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1. The Hatha Yoga Pradipika

1. The Hatha Yoga Pradipika
by Svatmarama
Paperback: 128 Pages (2002-09-01)
list price: US$11.95 -- used & new: US$9.95
(price subject to change: see help)
Asin: 0971646619
Average Customer Review: 4.5 out of 5 stars
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Editorial Review

Product Description

The classic manual on Hatha Yoga. This affordable, definitive edition of the Hatha Yoga Pradipika contains the original Sanskrit, a new English translation, and full-page photographs of all the asanas. ... Read more

Customer Reviews (6)

4-0 out of 5 stars Good Book To Read With Guidance
Utterly unbiased, straightforward, textual translation.I would strongly advise reading this with a teacher or along with a class, as there are many terms and concepts that require additional explanation.

5-0 out of 5 stars Simple and lucid translation
If you have ever glimpsed at an ancient Indian writing, you are bound to be stuck with the interpretation of the author - whether you agree or disagree. With his translation of the 'Hatha Yoga Pradipika', Brian Dan Akers does a wonderful job of keeping his aim of interpretation to the reader. The translation is simple and clear; loyal to the original text. The English translation juxtapositioned with the Sanskrit text provides clear insight into what Svatmarama had in mind. You can see a lot of thought has gone into making this text clutter-free and simple.

As with many aged Indian texts, you will find the verses often flowery or redundant, but that is the way it was. Brian manages to stick to his objective of passing this ancient text to the reader in its original sense as you can read from his acknowledgement. What I like about this text is that I can go back to the 'source' and quickly read up on an asanas or a mudra as it was taught by the teacher. This gives me the freedom to mould my yoga experience with the ancient teachings. As with other publications from the publisher - [...] - you will find many clear contextual photographs that aid your interpretation. Now I can rest assured when I travel I can take a whole set of Yogic teachings - Hatha Yoga Pradipika, Shiva Samhita,Gherand Samhita and Bhagavad Gita - along with me without burdening the baggage. These books are a must have in your Yoga libraray for their original content and conciseness.

4-0 out of 5 stars On the Translation of the HathaYogaPradipika
Overall, this text is an excellent resource for the aspirant on the path of yoga.I highly recommend this text; along with an in depth study of Patanjali's Yoga Sutras.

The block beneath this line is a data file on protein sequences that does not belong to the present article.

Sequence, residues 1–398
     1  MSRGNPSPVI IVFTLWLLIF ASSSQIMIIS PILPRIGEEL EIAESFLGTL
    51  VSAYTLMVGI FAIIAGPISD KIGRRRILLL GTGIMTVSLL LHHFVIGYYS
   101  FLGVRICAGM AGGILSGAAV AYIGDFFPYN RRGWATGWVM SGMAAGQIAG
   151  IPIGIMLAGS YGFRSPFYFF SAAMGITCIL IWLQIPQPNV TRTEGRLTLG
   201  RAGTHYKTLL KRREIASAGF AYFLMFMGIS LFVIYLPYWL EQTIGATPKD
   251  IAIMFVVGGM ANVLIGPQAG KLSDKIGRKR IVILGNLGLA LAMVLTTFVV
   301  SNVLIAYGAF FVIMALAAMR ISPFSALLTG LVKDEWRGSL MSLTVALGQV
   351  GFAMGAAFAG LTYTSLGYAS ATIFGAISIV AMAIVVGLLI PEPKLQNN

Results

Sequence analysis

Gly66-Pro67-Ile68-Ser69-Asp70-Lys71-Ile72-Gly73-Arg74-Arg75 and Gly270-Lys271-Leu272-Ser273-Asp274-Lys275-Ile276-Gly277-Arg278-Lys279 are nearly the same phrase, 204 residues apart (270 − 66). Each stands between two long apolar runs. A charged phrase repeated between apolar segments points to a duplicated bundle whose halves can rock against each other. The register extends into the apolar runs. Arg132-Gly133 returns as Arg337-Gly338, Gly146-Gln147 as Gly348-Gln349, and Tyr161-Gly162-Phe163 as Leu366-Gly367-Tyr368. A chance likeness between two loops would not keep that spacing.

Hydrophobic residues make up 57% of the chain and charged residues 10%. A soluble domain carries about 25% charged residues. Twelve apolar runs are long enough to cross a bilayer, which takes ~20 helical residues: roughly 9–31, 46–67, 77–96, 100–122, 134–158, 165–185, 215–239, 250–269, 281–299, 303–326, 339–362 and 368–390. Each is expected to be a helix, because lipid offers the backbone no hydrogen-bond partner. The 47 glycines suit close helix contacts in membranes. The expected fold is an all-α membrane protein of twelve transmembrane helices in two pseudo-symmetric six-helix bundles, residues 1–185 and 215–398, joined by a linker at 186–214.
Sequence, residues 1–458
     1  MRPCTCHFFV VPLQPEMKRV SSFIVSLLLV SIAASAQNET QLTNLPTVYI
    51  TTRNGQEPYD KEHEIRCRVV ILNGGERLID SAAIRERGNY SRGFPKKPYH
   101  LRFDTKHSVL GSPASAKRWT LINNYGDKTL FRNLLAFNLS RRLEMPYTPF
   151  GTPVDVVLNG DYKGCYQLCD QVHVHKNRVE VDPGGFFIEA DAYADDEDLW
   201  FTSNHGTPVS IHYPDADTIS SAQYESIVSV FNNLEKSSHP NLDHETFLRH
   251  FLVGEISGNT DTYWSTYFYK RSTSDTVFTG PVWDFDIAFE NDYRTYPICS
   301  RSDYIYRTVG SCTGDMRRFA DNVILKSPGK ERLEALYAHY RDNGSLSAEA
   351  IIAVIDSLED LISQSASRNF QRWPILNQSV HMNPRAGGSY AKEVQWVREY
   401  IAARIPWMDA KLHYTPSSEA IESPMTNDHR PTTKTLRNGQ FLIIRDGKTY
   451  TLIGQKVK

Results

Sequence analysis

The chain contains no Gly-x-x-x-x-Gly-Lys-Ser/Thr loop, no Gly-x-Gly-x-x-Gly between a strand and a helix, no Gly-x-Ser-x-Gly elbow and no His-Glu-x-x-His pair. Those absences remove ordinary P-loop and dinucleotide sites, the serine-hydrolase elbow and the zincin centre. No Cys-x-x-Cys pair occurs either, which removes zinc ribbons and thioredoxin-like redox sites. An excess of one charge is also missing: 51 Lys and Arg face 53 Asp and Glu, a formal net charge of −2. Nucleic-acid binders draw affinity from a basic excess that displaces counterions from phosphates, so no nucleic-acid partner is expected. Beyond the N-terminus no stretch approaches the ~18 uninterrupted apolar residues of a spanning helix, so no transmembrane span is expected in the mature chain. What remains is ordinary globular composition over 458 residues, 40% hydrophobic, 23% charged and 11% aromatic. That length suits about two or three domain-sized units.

I spent a few months reading the Sanskrit, the English, and discussing the content of this short text atthe Yoga Society of San Francisco with a world-renowned scholar of Sanskrit. We not only used Akers translation, but we also used 2 other translations. Of all the translations I have read, I have found that Akers translation is the most accurate. However, the only drawback of this text is that it doesn't have the transliteration.It goes from Devanâgarî to the English. Thus, folks who cannot read the Devanâgarî of Sanskrit will find it challenging. But if you have no interest in reading Sanskrit and just want to read the English you are fine. My only advice is that before you perform the exercises in Chapters 2, 3, and 4, I suggest you seek out a guru who is a master of these practices. Because like most exercise routines they may vary depending on one's unique constitution and where one is on their spiritual journey.

If you would like to learn more about this text feel free to contact me at anthony@urbanyogis.com.

Review by Nârâyaa (Anthony) Biduck, Co-Creator of Urban Yogis [...]

5-0 out of 5 stars The classical Hatha Yoga Manual with Sanskrit & English
This is a unique translation of the Hatha Yoga Pradipika. Sometime in the 15th Century, Yogi Svatmarama put down his principals of the practice of Yoga. Many of these include the mysteries of Kundalini --the coiled center of energy close to the base of the spine. But there is a lot more here for the student of yoga, including photos of the various "asanas" or positions, health, diet and mental hygiene. If you read Sanskrit, this would be a treasure. If you don't, you still have a line-by-line translation of this ancient and honored work. It's like listening to the yogi himself as he lectures his disciples. Fascinating reading--and if you are a practicing yogi or yogini, you'll find this insightful.